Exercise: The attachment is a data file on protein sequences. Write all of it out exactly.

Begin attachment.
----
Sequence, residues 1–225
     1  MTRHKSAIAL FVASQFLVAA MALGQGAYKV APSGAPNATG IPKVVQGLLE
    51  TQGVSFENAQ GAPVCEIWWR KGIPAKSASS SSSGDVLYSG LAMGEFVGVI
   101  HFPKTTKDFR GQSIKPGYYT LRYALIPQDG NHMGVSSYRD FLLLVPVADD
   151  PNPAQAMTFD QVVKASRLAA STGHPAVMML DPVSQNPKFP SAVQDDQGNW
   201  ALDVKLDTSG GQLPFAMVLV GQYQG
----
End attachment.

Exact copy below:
Sequence, residues 1–225
     1  MTRHKSAIAL FVASQFLVAA MALGQGAYKV APSGAPNATG IPKVVQGLLE
    51  TQGVSFENAQ GAPVCEIWWR KGIPAKSASS SSSGDVLYSG LAMGEFVGVI
   101  HFPKTTKDFR GQSIKPGYYT LRYALIPQDG NHMGVSSYRD FLLLVPVADD
   151  PNPAQAMTFD QVVKASRLAA STGHPAVMML DPVSQNPKFP SAVQDDQGNW
   201  ALDVKLDTSG GQLPFAMVLV GQYQG